Announced last week, the move would see the major spin off its consumer health unit, made up of core brands like Neutrogena, Aveeno, Listerine and OGX, into a standalone business. Whilst far smaller than J&J’s pharmaceutical and medical device units, consumer health contained four billion-dollar megabrands and was expected to generate €13.2bn ($15bn) in the full-year 2021, the company said.
The split was expected to be completed by the end of 2022 following various legal requirements, including consultation with works councils and employee representatives and a final nod from J&J’s board of directors.
Pharmaceuticals and consumer health – ‘each financially strong and leaders’
J&J said the split would create “two global leaders” in consumer health and health care, enabling the company to invest in innovation that unlocked value for all its stakeholders in both fields.
“Following a comprehensive review, the board and management team believe that the planned separation of the Consumer Health business is the best way to accelerate our efforts to serve patients, consumers, and health care professionals, create opportunities for our talented global team, drive profitable growth and – most importantly – improve healthcare outcomes for people around the world,” said Alex Gorsky, current CEO and incoming executive chairman of J&J, effective from January 3, 2022.
“…We believe that the New Consumer Health Company would be a global leader across attractive and growing consumer health categories, and a streamlined and targeted corporate structure would provide it with the agility and flexibility to grow its iconic portfolio of brands and innovate new products,” Gorsky said.
The CEO said the split would also allow J&J to deliver “industry-leading” biopharmaceutical and medical device innovation and technology. J&J was amongst a number of leading companies developing and advancing COVID-19 vaccines, for example, along with other pharmaceuticals.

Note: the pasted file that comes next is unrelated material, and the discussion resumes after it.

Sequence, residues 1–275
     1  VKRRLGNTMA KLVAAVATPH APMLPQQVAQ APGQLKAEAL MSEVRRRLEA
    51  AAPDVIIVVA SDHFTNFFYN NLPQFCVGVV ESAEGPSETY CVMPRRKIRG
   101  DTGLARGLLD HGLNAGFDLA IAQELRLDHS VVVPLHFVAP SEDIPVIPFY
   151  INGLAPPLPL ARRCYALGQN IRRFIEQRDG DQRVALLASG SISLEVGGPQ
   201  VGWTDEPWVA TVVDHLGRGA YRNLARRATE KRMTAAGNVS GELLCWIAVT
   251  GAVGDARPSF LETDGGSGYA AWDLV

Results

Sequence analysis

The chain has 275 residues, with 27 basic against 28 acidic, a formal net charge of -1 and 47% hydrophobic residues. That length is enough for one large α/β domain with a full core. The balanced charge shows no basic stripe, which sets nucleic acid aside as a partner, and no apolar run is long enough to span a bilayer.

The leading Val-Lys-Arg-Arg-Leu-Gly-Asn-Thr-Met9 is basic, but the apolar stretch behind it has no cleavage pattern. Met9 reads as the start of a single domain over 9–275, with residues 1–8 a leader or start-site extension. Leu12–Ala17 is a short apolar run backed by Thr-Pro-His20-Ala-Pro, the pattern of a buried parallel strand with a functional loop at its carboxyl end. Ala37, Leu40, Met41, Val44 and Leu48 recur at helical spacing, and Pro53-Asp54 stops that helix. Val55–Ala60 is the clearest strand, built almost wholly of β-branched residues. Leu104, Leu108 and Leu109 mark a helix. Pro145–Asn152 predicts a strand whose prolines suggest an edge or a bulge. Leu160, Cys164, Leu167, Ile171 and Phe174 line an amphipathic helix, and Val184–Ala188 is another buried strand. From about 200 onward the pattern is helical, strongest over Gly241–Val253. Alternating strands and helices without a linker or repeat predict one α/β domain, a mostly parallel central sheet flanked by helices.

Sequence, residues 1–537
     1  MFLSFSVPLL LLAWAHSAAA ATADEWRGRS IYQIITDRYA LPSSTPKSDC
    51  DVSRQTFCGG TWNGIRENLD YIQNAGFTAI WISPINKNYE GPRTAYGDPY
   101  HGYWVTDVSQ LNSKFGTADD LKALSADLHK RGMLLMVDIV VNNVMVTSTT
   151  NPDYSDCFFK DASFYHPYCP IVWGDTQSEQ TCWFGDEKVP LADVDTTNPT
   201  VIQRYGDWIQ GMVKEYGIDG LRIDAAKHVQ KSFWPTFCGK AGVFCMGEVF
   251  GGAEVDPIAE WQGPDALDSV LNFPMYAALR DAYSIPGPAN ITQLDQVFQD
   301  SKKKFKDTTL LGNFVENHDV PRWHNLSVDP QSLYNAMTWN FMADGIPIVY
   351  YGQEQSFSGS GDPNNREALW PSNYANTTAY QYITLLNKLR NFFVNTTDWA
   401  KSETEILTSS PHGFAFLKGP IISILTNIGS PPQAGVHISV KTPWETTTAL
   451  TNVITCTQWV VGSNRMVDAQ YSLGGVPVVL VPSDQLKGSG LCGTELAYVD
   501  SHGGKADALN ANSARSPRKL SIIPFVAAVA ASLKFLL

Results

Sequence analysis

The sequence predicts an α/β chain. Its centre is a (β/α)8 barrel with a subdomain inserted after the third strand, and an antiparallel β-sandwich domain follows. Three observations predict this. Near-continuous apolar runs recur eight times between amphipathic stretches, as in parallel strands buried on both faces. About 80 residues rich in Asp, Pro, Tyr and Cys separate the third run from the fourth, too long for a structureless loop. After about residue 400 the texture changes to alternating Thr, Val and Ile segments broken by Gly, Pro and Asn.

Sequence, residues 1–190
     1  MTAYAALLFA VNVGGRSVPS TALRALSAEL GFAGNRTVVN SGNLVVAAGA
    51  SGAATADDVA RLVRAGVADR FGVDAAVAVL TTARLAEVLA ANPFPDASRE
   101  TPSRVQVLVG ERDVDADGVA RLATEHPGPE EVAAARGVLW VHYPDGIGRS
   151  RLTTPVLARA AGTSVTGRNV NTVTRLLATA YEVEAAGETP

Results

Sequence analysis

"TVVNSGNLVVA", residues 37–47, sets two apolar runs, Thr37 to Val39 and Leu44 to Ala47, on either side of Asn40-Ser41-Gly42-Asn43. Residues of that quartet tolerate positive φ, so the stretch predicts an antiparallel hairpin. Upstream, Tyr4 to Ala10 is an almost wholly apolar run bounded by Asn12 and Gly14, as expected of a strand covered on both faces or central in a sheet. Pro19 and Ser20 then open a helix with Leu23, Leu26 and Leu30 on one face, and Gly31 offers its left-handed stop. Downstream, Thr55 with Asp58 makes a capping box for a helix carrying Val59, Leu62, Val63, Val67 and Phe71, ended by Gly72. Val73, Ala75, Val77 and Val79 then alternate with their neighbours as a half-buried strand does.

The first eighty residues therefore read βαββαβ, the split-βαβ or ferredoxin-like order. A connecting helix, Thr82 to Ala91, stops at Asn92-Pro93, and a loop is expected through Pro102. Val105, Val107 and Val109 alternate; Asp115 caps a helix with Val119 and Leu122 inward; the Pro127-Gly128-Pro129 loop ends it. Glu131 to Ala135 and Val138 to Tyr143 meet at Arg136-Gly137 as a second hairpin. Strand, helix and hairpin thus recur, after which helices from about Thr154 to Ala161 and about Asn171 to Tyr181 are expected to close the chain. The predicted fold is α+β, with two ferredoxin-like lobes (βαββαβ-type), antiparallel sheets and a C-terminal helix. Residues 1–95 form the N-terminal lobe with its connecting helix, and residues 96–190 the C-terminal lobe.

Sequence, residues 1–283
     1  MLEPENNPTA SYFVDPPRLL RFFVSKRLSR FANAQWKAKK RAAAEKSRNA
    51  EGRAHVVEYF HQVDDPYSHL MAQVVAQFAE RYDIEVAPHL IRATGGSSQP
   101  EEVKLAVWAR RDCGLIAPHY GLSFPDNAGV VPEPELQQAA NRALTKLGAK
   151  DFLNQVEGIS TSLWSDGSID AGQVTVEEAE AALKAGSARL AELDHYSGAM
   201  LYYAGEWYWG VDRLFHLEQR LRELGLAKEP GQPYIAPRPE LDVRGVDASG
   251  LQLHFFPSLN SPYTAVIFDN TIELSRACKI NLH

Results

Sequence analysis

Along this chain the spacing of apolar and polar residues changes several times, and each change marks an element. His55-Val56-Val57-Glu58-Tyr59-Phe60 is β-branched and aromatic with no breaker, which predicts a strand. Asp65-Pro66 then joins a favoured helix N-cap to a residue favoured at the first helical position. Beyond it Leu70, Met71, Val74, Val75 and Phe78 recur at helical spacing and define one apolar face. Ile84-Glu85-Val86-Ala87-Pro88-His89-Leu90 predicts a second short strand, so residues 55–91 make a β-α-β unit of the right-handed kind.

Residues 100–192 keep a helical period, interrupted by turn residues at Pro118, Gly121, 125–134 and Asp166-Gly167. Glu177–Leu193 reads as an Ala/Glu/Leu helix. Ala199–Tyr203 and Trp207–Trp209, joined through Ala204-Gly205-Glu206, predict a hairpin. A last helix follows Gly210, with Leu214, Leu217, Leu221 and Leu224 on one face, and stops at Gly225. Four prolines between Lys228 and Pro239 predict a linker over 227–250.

‘Drive growth and unlock significant value’
Joaquin Duato, incoming CEO and current vice chairman of the executive committee at J&J, said: “This planned transaction would create two businesses that are each financially strong and leaders in their respective industries. We believe that the new Johnson & Johnson and the New Consumer Health Company would each be able to more effectively allocate resources to deliver for patients and consumers, drive growth and unlock significant value.”
According to the company, the split aimed to create value for all stakeholders via increased focus and resources to plug industry trends; further focus on capital allocation; the creation of compelling financial profiles for each business; and alignment of corporate and operational structures.
The consumer health business was expected to benefit from a “strong investment grade profile and balance sheet” following the split, J&J said, enabling the company to build on its long history of innovation across self-care, skin health and essential health.
J&J’s consumer health division had suffered in Q1 2021, with sales dipping 2.3%. Recovery, however, was seen in its Q2 results with sales up 13.3% on the previous year and again in Q3 with sales up 5.3%.
Earlier this year, fellow personal care major Unilever also carved out a new standalone beauty company Elida Beauty in a move executives said would drive growth across this category.